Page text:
The Japanese wound paths around their country as they traveled long distances for salt, enlightenment and pilgrimages. In olden times, these wandering pilgrims and traveling believers were obliged to leave an offering of rice and hemp leaves to the path-side phallic-fertility statues of the She no Kari (protective deities) before embarking on a journey.
"These deities were represented by phalli, often of gigantic size, which were set up along highways and especially at cross-roads to bar the passage against malignant beings who sought to pass . . . Standing as they did on the roadside and at cross-roads, these gods became the protectors of the wayfarers; travelers prayed to them before setting out on a journey and made a little offering of hemp leaves and rice to each one they passed." (Moore)
In another old tradition, rooms of worship were purified by burning hemp leaves by the entrance. This would invite the spirits of the departed, purify the room and encourage people to dance.
An account of this event states:
"On the first evening fires of hemp leaves are lighted before the entrance of the house, and incense strewed on the coals, as an invitation to the spirits. At the end of the three days the food that has been set out for the spirits is wrapped up in mats and thrown into a river. Dances of a peculiar kind are a conspicuous feature of the celebration, which is evidently an old Japanese custom."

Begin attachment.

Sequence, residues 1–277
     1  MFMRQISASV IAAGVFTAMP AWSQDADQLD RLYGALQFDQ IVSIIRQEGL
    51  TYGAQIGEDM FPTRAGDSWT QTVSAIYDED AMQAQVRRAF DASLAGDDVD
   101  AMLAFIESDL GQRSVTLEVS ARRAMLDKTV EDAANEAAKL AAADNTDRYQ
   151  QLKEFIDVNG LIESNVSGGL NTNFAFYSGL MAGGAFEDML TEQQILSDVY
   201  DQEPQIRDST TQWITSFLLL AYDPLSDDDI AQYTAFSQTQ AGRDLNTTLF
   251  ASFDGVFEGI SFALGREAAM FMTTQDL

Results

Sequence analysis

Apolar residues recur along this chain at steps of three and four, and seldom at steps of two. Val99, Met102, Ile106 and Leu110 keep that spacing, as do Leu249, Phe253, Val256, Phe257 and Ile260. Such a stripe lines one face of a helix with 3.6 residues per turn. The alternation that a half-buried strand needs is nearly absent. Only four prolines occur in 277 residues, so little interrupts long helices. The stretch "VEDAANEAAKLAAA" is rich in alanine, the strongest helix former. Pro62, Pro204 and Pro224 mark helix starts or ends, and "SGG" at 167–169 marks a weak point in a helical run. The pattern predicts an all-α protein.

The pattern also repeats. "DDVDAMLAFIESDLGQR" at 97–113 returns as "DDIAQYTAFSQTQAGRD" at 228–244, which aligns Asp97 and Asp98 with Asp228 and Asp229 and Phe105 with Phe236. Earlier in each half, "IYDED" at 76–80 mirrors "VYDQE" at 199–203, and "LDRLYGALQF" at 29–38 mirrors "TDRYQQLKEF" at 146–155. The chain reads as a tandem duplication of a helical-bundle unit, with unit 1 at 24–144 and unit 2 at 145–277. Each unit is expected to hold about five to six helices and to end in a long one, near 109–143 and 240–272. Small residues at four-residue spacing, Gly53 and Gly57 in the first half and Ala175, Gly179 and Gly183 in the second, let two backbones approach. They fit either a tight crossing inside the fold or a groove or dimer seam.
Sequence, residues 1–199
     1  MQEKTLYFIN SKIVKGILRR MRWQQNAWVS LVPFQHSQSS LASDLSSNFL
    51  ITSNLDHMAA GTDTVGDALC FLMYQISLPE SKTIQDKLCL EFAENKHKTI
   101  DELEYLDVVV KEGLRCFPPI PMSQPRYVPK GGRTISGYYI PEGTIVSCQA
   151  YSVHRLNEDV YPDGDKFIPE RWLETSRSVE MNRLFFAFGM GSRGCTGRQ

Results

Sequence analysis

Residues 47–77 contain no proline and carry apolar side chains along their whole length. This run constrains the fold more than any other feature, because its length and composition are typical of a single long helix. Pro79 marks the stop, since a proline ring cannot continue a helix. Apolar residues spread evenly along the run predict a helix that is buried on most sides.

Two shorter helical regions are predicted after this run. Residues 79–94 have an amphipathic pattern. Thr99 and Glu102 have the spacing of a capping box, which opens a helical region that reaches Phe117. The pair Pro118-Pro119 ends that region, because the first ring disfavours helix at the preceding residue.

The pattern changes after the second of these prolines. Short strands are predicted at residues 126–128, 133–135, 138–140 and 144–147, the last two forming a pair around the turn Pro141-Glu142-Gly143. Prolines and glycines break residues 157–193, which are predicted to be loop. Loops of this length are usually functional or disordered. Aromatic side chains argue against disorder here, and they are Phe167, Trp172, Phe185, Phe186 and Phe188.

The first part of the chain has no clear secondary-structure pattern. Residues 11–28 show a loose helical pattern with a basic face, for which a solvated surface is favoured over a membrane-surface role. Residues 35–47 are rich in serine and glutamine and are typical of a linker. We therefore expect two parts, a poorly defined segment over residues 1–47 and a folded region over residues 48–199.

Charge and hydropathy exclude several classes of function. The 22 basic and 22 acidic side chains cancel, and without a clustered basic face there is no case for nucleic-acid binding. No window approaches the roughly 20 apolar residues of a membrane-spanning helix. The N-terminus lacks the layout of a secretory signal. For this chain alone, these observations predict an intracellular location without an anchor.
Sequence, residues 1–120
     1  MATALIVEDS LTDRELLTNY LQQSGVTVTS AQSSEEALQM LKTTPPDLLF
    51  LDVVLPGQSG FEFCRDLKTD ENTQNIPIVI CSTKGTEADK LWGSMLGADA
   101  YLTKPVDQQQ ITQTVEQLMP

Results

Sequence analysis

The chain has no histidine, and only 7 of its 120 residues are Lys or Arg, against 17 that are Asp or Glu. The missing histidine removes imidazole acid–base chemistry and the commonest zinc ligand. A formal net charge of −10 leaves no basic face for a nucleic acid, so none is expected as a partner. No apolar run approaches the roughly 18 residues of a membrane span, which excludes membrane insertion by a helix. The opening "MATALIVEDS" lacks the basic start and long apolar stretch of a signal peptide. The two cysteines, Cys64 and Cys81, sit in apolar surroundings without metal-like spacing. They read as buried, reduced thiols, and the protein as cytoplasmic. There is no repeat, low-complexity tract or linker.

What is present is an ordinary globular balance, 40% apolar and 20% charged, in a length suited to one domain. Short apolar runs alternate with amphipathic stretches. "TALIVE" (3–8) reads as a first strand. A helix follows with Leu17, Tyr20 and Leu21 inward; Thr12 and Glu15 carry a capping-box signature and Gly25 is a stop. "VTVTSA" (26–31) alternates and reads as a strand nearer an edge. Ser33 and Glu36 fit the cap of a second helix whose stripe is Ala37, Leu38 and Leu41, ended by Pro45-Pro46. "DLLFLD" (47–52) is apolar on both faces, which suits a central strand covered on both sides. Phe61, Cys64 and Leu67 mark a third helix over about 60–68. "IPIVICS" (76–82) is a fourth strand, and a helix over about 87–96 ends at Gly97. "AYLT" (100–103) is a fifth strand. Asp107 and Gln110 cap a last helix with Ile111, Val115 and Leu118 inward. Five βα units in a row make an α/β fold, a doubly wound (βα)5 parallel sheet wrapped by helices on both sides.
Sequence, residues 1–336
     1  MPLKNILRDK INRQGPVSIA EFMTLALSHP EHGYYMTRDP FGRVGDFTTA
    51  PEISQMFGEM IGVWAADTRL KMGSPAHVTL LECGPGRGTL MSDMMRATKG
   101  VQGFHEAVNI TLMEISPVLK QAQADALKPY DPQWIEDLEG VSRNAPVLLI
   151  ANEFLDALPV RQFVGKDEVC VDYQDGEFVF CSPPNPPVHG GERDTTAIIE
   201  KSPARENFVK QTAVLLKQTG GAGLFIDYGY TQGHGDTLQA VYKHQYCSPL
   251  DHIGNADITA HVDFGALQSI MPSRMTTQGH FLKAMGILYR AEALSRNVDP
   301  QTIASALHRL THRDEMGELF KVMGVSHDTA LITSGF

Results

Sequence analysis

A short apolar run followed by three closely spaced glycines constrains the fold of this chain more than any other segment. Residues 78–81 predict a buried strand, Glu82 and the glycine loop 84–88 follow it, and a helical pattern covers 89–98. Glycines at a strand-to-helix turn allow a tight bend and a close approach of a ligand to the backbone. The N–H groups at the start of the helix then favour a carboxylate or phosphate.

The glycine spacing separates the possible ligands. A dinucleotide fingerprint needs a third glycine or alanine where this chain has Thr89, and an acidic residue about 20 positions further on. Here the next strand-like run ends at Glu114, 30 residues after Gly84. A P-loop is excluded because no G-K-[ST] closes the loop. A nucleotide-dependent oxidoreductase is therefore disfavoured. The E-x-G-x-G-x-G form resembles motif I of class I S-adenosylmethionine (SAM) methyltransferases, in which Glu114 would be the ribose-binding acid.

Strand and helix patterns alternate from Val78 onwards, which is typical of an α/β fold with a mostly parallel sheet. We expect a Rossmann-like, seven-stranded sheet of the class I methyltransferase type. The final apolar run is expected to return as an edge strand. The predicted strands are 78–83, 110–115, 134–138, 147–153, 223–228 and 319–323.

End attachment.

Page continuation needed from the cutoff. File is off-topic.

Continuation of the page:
This seems to coincide with a Buddhist "giving respect and making amends with departed ancestors" holy day. The current tradition at this August "O bon" festival involves the similar practice of first, traveling to the family plot, and then leaving offerings of the departed favorite foods on the grave, perhaps to purify or satisfy the restless soul. At some point, the same hemp leaves were probably part of this ritual.
Partly as a political power move, Buddhism was assigned as the official religion of the Tokugawa Shogunate, the period (from1600 -1868). During this time, all citizens were obligated to register as members with one of the three main branches of the sect. (Religions of Japan, Monk)